In July 1960, the driver choice fell on João Alves, who won his class at the wheel of the 166 MM in the Lourenço Marques City Cup, Mozambique, finishing in 7th place overall in the race won by Syd van der Vyer.

In the same year, the ATCA club sold this 166 MM to António Lopes Rodrigues, who registered it in Mozambique to participate in the Rampa da Polana, Lourenço Marques, this time appearing with the bodywork in white.  António Lopes Rodrigues also participated in the “Formule Libre and Sports Car” at the Lourenço Marques International Circuit.

In August 1963, the 166 MM changed ownership again, when Hugh Gearing, from Johannesburg, South Africa purchased it from António L. Rodrigues.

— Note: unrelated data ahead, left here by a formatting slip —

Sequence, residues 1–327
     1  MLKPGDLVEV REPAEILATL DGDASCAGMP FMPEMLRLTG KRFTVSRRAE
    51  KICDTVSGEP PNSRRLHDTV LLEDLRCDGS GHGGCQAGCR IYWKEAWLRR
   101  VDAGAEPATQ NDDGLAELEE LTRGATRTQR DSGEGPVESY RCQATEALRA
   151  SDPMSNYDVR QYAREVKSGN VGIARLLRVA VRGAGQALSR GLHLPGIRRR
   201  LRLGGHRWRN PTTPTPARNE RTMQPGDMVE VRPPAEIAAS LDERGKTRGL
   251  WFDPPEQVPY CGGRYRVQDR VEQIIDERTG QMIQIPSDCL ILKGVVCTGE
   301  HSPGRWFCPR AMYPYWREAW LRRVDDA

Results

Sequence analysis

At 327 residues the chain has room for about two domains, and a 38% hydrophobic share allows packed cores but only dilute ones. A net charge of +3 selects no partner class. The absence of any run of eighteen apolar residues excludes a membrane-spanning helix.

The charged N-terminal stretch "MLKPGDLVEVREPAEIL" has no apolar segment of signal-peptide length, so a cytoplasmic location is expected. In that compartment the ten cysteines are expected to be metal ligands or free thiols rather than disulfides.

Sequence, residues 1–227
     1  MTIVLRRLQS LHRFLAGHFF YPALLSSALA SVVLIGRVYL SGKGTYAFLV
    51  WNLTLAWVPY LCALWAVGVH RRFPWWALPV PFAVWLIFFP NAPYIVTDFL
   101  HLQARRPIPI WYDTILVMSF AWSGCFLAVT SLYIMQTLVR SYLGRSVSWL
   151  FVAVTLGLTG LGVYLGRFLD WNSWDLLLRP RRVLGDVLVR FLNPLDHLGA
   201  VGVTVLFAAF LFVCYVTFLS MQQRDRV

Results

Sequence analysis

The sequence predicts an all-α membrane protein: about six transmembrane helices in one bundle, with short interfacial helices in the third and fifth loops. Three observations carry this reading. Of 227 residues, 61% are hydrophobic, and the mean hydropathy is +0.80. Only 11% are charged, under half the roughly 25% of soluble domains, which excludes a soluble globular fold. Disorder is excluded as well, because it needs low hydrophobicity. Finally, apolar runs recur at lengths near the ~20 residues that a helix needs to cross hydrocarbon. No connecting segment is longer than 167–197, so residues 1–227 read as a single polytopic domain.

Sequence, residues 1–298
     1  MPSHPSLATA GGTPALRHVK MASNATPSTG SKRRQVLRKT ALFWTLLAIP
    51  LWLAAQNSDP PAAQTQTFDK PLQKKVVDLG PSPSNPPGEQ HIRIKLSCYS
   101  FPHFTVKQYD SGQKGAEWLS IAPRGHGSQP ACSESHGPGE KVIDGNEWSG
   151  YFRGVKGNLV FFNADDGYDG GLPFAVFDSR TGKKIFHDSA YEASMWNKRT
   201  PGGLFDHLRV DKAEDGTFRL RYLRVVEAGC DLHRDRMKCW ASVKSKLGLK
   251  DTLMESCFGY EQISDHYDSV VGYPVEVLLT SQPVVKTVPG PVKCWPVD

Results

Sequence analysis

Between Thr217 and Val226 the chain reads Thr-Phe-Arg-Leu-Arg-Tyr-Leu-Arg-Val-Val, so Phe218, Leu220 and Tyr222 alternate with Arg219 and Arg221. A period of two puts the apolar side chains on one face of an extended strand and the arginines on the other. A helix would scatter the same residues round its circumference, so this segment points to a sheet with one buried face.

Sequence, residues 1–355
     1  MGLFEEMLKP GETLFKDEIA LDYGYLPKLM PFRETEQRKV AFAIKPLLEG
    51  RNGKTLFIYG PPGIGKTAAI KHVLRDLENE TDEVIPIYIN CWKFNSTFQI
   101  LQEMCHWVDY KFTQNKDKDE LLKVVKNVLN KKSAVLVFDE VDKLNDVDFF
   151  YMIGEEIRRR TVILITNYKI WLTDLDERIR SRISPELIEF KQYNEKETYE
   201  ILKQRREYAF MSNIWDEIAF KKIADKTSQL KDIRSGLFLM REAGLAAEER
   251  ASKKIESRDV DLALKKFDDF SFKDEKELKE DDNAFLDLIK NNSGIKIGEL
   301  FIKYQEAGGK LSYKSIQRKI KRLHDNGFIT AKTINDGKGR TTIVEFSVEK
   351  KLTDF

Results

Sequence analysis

Ten years later, Hugh Gearing sold it to Robert van Zyl, (the current owner) also from Johannesburg.

Robert and Geerie van Zyl participated in the Historic Mille Miglia races that took place from 9th to 12th of May 1996.

The following year, Robert was present at a meeting promoted by the Ferrari Club of South Africa, for the celebration of Ferrari’s 50th Anniversary at the Kyalami track.

Robert and Patricia van Zyl drove the Ferrari again at the Historic Mille Miglia, in May 2004, and again in May 2011.

In the same year, on 17 September, Geerie van Zyl drove the 166 MM in the “Freddie March Memorial Trophy”, an integral part of the “Goodwood Revival Meeting”.